Not So Good Stuff: You should know by now what an issue I have with the "famous people" episodes. And this is crammed full of them: Peter Lawford, John Huston, Clark Gable.
Random Observations: Barbara, Marilyn's new and somewhat creepy personal assistant, is played by an extremely young Liz "Captain Liberty" Vassey (CSI, The Tick).
"Green Onions" by Booker T & the MG's is used, although this episode takes place a full two years before it was released.
Sam saves Marilyn's life for now; originally in the show's timeline, she died in 1960. She would live for another two years.
Overall: There is zero characterization going on here; the best episodes of Quantum Leap were the ones that gave you a reason to root for the characters, but the only character notes this episode gives to Marilyn is that she was a real person under the persona. But at the same time, we're expected to care about her for no reason other than because she's Marilyn, and they can't have it both ways: 3 out of 10.
The Beast Within: November 6, 1972
Writer: John D'Aquino
The Plot: Sam is either a homeless Vietnam veteran living in the mountains or Bigfoot.
Good Stuff: Um...
Not So Good Stuff: Oh, good. More Vietnam.
David Tom, the kid playing Daniel, the kid who thinks Sam is Bigfoot, seriously needs Gil Gerard to jump in and land a flying scissor kick to his stomach. All the mean old adults are crushing his dreams by telling him that Bigfoot isn't real. However, we know for a fact that what he saw was Sam, so all that comes across is this petulant brat who refuses to accept reality.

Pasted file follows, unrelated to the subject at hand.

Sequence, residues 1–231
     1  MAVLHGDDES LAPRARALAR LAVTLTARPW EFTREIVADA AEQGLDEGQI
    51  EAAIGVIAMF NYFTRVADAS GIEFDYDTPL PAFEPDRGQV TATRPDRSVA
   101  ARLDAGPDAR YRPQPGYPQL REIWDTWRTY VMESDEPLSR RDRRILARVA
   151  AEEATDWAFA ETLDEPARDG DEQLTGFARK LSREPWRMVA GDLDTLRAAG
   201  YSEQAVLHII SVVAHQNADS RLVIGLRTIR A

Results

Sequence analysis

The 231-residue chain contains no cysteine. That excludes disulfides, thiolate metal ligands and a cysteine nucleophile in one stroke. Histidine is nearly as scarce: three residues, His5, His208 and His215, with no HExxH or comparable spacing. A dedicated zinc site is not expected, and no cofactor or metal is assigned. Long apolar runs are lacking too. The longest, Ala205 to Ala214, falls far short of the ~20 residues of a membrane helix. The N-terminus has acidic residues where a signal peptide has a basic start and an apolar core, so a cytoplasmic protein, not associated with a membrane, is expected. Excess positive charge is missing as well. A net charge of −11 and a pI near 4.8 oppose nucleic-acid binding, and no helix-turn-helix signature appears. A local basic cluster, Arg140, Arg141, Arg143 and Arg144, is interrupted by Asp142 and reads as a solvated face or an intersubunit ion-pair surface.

Random Observations: This episode was written by John D'Aquino, who played Jimmy's brother in "Deliver Us from Evil." It's the only episode all season written by someone who's not listed as a producer.
Overall: Mediocre script. Inconsistent guest cast. Practically no Al. And a bucket full of people who were messed up in the 'Nam. And unfortunately, this is the last straightforward episode the series ever did. It's really too bad: 3 out of 10.
The Leap Between the States: September 20, 1862
Writer: Richard C. Okie
The Plot: No, that date isn't a mistake. Taking the last of the show's constraints and heaving it out the window, Sam leaps into his great-grandfather, a Union captain in the Civil War.
Good Stuff: Kate McNeil, who plays Sam's future great-grandmother, works well with Bakula; they bicker and fight in that TV flirting kind of way, yet they pull it off. And Michael D. Roberts, as Isaac, is extremely good.
I won't lie: there's a part of me that's kinda jazzed by this. Quantum Leap was really much more about nostalgia than history. I'm a big ol' history nerd, and this is the only time the show ever really pushed that button and took a look at anything more than 50 years old. And it's kinda cool that the episode starts off with a Civil War battle.
Not So Good Stuff: There's another part of me that just wants to give up. Bellisario was trying to create a time travel show about real people in relatable situations; he didn't want to go on the Time Tunnel model of appearing on the Titanic just before it sank. So he set rules in place, and the biggest rule was that Sam could not leap outside of his own lifetime. Now, theoretically, this new wrinkle (that Sam can leap into his ancestors because of similarities in their DNA; and no, I'm not totally clear on how that works, either) opened up the possibility of leaping into more exotic situations, but now there are officially no rules.
Oh noes! The obvious stick! Slavery is wrong! Thwack! Someday women will vote! Thwack!